Mystery2Me 11:23 am
25 Jan 11
#6

This is what they do in NSW,

An habitual offender driving suspension can be imposed for accumulating three convictions for serious offences within a period of five years. This is usually done by the RTA.

The list of serious offences includes:

* Driving at a dangerous speed or in a dangerous manner;
* furious driving;
* reckless driving;
* negligent driving where death or grievous bodily harm is occasioned;
* drink and drug driving offences; an
* driving whilst disqualified

Generally a habitual traffic offender suspension is imposed for five years. The suspension is imposed on top of any penalty for the final of the three convictions which lead to the declaration of a habitual traffic offender. There can be five year suspensions added for each offence, therefore, 3 offences can result in a 15 year suspension by the RTA on top of whatever the court has given them.

Makes me wonder how serious the ACT is about repeat offenders when across the border this is what they do.

GottaLoveCanberra 5:26 pm
25 Jan 11
#7

So they can crush cars for people who street race but guys like this can get away with 4-5 DUI CONVICTIONS?

Fooking pathetic, crush his car with him in it.

georgesgenitals 5:54 pm
25 Jan 11
#8

Mystery2Me said :

Makes me wonder how serious the ACT is about repeat offenders when across the border this is what they do.

ACT justice is not particularly serious.

Tooks 7:08 pm
25 Jan 11
#9

GottaLoveCanberra said :

So they can crush cars for people who street race but guys like this can get away with 4-5 DUI CONVICTIONS?

Fooking pathetic, crush his car with him in it.

Cars aren’t crushed for street racing in the ACT.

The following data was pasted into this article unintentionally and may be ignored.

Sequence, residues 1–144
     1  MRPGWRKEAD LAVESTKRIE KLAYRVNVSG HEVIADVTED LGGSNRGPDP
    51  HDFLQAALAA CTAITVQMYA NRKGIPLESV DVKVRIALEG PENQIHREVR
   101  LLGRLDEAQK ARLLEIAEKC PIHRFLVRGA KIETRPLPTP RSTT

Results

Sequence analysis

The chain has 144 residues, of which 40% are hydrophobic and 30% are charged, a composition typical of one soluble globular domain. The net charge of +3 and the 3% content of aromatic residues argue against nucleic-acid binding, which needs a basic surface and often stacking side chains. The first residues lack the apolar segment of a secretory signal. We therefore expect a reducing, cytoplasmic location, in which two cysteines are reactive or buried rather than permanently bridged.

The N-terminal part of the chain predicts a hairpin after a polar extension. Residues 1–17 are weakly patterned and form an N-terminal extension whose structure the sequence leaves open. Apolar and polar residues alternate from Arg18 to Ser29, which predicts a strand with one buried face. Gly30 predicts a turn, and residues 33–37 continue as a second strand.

JustThinking 3:52 pm
26 Jan 11
#10

Mystery2Me said :

This is what they do in NSW,

An habitual offender driving suspension can be imposed for accumulating three convictions for serious offences within a period of five years. This is usually done by the RTA.

The list of serious offences includes:

* Driving at a dangerous speed or in a dangerous manner;
* furious driving;
* reckless driving;
* negligent driving where death or grievous bodily harm is occasioned;
* drink and drug driving offences; an
* driving whilst disqualified

Generally a habitual traffic offender suspension is imposed for five years. The suspension is imposed on top of any penalty for the final of the three convictions which lead to the declaration of a habitual traffic offender. There can be five year suspensions added for each offence, therefore, 3 offences can result in a 15 year suspension by the RTA on top of whatever the court has given them.

Makes me wonder how serious the ACT is about repeat offenders when across the border this is what they do.

Should read “this is what they CAN do in NSW”
They don’t always do it.
**********************************

I don’t know what it is with repeat offenders of ANYTHING just walking off with a fine and a smack on the wrist.
Whether it is drink driving/speeding/dangerous driving it all boils down to you taking extra risks that may harm or kill someone.
Start charging them with “intent to harm/kill”

Follow
Follow The RiotACT
Get Premium Membership
Advertisement
The-RiotACT.com Newsletter Sign Up

Images of Canberra

Advertisement
Sponsors
RiotACT Proudly Supports
Advertisement
Copyright © 2014 Riot ACT Holdings Pty Ltd. All rights reserved.